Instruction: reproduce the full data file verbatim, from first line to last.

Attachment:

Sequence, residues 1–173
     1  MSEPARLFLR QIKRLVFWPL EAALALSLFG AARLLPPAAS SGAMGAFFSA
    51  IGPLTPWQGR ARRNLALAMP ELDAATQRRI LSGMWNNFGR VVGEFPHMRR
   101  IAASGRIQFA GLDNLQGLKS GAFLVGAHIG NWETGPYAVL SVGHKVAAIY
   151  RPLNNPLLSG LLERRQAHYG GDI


Sequence, residues 1–173
     1  MSEPARLFLR QIKRLVFWPL EAALALSLFG AARLLPPAAS SGAMGAFFSA
    51  IGPLTPWQGR ARRNLALAMP ELDAATQRRI LSGMWNNFGR VVGEFPHMRR
   101  IAASGRIQFA GLDNLQGLKS GAFLVGAHIG NWETGPYAVL SVGHKVAAIY
   151  RPLNNPLLSG LLERRQAHYG GDI